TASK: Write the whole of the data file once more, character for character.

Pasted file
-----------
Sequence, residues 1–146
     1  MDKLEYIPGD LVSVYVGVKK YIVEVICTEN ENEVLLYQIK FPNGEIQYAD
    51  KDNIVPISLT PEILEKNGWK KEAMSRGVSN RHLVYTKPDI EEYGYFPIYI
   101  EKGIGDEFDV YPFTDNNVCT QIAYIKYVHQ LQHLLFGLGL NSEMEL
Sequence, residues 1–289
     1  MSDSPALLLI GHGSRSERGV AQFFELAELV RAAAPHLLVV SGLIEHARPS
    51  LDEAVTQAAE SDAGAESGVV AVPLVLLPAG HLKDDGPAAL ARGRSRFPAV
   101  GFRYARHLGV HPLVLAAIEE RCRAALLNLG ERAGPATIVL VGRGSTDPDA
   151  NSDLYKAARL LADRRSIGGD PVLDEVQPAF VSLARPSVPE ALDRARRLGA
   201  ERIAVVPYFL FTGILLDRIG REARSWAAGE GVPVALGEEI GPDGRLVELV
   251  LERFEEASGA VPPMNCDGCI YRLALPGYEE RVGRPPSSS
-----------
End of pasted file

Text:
Sequence, residues 1–146
     1  MDKLEYIPGD LVSVYVGVKK YIVEVICTEN ENEVLLYQIK FPNGEIQYAD
    51  KDNIVPISLT PEILEKNGWK KEAMSRGVSN RHLVYTKPDI EEYGYFPIYI
   101  EKGIGDEFDV YPFTDNNVCT QIAYIKYVHQ LQHLLFGLGL NSEMEL
Sequence, residues 1–289
     1  MSDSPALLLI GHGSRSERGV AQFFELAELV RAAAPHLLVV SGLIEHARPS
    51  LDEAVTQAAE SDAGAESGVV AVPLVLLPAG HLKDDGPAAL ARGRSRFPAV
   101  GFRYARHLGV HPLVLAAIEE RCRAALLNLG ERAGPATIVL VGRGSTDPDA
   151  NSDLYKAARL LADRRSIGGD PVLDEVQPAF VSLARPSVPE ALDRARRLGA
   201  ERIAVVPYFL FTGILLDRIG REARSWAAGE GVPVALGEEI GPDGRLVELV
   251  LERFEEASGA VPPMNCDGCI YRLALPGYEE RVGRPPSSS